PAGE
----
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The Honorable Orrin Hatch
March 5, 2003
I would like to welcome everyone to this hearing as the Committee continues its examination the asbestos litigation crisis. At the outset, I want everyone to know that I intend to make every effort to resolve this issue this congress, we simply cannot wait any longer.
I am encouraged by the level of interest in this issue expressed to me by my colleagues on both sides of the aisle and I hope the Ranking Member, Senator Leahy, and I along with our other colleagues will be able to work in a bipartisan manner to resolve this issue. As he indicated at the last hearing, Senator Leahy also recognizes that this is a situation that requires our attention. It is not too often that an issue has such bi-partisan interest in Congress.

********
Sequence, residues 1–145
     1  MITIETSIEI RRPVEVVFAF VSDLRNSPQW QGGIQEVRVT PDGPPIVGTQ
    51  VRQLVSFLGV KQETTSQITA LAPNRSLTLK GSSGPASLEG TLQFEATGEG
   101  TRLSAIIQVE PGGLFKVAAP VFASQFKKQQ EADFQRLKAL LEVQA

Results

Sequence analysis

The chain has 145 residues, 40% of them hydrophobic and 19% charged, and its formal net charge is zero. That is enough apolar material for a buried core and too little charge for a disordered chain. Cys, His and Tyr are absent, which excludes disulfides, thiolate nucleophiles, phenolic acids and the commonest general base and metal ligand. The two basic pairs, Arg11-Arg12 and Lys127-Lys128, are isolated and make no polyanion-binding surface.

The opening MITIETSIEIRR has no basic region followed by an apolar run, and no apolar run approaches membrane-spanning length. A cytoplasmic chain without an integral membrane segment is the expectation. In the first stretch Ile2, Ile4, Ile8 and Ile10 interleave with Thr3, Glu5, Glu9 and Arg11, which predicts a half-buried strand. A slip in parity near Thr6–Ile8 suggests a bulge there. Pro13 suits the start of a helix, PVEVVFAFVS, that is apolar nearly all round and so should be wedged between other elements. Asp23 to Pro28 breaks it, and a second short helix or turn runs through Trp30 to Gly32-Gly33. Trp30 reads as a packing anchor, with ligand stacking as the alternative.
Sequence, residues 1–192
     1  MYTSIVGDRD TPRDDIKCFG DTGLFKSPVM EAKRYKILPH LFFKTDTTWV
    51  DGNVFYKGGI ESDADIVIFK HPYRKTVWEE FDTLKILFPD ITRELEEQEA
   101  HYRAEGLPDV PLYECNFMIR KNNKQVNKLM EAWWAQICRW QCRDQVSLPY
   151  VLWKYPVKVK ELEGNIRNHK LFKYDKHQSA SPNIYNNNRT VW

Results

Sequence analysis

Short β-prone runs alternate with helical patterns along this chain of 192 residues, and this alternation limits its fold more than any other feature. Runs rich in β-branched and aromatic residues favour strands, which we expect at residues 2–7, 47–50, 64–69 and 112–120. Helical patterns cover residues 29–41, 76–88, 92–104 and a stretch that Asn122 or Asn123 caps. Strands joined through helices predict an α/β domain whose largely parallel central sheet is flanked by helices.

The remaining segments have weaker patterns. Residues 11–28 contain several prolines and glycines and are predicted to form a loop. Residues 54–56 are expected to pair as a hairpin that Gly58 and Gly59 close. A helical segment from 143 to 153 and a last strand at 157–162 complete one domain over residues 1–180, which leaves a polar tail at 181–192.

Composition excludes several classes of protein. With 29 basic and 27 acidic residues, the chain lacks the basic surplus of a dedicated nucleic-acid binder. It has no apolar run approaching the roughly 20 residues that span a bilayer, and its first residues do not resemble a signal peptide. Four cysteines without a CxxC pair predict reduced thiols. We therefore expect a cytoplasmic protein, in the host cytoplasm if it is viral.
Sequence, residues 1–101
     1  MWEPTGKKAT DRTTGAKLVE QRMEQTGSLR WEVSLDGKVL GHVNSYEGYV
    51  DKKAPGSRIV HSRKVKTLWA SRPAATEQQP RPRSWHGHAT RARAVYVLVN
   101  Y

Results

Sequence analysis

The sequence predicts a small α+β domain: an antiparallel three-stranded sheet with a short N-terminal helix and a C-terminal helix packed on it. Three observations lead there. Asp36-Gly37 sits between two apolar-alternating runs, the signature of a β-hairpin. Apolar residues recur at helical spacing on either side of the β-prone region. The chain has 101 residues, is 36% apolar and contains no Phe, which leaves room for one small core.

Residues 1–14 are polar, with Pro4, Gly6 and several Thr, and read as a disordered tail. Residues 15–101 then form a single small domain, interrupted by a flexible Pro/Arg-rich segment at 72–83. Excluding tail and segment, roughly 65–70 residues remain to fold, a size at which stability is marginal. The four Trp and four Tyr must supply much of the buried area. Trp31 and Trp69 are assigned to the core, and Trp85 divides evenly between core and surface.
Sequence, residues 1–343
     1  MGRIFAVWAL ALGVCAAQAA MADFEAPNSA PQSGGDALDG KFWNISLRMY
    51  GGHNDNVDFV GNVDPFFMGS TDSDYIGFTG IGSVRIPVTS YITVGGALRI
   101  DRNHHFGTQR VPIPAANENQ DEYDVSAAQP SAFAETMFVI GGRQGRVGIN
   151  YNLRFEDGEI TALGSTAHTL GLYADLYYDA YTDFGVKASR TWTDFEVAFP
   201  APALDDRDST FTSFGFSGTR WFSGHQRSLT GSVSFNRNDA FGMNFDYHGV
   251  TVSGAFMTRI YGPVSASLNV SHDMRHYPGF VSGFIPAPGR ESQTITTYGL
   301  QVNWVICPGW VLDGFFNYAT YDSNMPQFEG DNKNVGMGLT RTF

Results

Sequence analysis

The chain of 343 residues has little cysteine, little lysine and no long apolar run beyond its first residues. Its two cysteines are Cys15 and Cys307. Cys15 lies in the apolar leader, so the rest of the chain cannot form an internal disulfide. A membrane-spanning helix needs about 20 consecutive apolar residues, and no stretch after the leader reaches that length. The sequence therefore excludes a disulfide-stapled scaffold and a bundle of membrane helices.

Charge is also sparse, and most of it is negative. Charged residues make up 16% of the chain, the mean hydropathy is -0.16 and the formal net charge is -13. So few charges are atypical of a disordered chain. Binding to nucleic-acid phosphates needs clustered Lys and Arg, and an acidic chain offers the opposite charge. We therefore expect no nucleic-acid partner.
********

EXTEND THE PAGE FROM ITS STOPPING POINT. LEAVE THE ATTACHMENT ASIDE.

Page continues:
I don't think there can be any doubt that the crisis in asbestos litigation is a serious problem, and it continues to get worse as the abuse continues and Congress has failed to act even as the Supreme Court has suggested that we must resolve this train wreck. It is my sincere hope that we can do better this time around.